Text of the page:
JASSNIRO: Really! I did not have the chance to listen to the song on the radio, although I have already seen it on the playlists of the radio stations where it is going to air.

ALEXIS: What was the inspiration behind your debut radio single?
JASSNIRO: The basic inspiration of the song ‘I Love You’ stems from the lack of communication that is quite common nowadays in relationships and in the passions of love. The song is about that particular push and motivation that all true lovers find in order to step forward and overcome moments of crisis by inverting all the phases of negativity in love and changing it into a more positive attitude toward the partner. Some of the lyrics go as follows: ‘Anytime I tried to understand things, I made it for you.’ This phrase summarizes, in brief, the inspiration for the song. It demonstrates the positive qualities that unfold each time as we try to keep the relationship alive by maintaining the thin thread of connection, like on a razor’s edge, practicing virtues such as tolerance, understanding, sensitivity, and generosity to others.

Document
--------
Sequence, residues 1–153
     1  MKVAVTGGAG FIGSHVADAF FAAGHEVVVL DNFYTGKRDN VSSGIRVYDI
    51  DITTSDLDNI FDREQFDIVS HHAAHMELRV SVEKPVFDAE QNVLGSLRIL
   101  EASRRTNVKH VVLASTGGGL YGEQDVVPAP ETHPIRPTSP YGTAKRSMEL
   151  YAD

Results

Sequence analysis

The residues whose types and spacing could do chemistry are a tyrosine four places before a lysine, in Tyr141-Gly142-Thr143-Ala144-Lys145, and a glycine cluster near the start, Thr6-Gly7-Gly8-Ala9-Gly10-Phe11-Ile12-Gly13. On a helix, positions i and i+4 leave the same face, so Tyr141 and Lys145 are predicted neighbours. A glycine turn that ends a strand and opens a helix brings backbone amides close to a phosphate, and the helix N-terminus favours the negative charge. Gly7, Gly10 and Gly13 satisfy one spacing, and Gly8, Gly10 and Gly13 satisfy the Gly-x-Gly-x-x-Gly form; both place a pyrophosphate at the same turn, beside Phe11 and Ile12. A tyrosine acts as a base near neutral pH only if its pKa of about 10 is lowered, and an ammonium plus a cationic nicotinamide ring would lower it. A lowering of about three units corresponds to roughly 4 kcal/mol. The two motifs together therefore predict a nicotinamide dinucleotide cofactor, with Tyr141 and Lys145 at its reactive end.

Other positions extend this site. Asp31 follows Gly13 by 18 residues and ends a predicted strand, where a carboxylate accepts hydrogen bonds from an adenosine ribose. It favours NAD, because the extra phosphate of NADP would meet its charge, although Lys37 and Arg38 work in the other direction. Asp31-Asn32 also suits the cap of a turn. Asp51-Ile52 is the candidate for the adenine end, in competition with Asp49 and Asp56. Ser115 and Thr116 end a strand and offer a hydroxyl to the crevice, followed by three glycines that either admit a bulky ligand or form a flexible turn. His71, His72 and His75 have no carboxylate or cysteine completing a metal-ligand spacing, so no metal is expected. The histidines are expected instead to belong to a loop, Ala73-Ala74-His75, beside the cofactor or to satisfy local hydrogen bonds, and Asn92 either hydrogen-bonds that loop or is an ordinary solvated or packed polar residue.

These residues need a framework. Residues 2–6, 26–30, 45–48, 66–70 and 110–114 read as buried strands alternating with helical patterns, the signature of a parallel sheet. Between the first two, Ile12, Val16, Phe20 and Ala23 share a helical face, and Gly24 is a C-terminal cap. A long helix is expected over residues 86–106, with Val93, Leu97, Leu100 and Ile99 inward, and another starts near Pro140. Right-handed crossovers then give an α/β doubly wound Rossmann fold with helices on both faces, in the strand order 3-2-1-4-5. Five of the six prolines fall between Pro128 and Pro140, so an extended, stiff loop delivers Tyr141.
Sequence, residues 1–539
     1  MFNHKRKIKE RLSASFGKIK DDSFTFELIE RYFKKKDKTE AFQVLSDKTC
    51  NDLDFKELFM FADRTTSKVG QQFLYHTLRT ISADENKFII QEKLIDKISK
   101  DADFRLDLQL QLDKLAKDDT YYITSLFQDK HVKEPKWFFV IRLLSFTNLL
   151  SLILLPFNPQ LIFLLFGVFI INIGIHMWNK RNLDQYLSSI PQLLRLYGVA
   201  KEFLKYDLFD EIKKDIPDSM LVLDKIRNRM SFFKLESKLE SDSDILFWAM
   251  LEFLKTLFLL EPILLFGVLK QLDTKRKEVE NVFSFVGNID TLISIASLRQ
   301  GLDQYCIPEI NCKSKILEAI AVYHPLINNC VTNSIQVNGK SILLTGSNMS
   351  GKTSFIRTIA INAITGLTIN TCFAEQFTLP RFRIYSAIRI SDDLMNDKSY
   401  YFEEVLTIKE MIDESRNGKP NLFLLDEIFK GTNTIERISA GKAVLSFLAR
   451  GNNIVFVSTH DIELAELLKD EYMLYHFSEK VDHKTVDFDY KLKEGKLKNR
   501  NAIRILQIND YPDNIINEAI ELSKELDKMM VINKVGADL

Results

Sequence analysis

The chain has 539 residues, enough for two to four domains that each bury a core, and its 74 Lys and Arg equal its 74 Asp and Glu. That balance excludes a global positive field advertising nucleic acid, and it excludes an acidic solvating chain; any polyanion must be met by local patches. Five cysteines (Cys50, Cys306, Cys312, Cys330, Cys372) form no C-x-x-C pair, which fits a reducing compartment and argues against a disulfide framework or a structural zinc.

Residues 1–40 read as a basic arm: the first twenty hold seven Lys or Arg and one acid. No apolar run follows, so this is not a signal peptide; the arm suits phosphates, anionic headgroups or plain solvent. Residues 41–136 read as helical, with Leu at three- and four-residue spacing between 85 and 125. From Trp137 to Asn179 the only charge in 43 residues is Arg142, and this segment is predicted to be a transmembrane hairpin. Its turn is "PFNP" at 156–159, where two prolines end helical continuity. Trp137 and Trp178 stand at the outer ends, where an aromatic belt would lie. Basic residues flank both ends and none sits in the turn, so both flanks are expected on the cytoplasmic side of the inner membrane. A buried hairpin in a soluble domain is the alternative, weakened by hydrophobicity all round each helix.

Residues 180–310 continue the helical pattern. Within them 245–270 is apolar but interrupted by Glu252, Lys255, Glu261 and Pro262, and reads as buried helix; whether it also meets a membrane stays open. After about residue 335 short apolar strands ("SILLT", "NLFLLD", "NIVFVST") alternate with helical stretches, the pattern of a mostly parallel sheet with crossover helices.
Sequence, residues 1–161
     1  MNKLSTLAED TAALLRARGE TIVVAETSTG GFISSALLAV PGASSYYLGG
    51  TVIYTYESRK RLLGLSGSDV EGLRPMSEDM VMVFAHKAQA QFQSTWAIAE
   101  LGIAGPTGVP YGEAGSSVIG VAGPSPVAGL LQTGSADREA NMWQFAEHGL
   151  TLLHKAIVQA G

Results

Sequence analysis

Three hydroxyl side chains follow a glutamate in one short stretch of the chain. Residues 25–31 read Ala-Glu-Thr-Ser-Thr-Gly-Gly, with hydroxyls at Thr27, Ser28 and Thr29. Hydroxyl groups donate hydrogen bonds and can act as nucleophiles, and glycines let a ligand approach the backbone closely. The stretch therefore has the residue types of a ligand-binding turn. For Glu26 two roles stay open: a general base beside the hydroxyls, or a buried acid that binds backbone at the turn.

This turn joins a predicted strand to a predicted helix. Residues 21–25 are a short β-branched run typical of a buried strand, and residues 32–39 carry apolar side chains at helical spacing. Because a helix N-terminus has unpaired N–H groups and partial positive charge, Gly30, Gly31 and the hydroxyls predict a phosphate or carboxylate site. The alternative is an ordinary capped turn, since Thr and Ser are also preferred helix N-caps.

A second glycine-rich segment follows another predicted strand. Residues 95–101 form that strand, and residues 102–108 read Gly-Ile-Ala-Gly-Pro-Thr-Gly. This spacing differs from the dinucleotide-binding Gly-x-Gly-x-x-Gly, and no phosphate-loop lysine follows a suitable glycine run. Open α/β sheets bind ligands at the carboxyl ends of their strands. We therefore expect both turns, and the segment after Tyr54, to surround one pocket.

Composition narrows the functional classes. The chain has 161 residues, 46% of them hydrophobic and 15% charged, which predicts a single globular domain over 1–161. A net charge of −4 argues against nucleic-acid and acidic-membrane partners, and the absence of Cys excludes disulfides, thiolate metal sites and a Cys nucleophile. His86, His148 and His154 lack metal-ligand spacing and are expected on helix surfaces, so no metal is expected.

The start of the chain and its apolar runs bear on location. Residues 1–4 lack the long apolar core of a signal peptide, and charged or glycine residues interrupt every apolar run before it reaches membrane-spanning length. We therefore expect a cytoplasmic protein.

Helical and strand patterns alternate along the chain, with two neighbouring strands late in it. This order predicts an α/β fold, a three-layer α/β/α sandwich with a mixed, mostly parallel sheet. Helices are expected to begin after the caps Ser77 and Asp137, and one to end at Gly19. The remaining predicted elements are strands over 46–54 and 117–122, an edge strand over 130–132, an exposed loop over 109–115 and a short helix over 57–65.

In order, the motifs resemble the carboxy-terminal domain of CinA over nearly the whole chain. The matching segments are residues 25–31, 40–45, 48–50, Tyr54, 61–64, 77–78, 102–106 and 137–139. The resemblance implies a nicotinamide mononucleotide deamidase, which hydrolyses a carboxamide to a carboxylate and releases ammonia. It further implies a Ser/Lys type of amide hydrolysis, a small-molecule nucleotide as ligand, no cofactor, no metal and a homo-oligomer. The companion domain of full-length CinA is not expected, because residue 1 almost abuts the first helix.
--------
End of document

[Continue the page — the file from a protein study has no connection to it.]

ALEXIS: It is often said that great art arises from difficult experience. Is there something in your life experience thus far that you would describe as the ‘catalyst’ or ‘fuel’ for your desire to create music?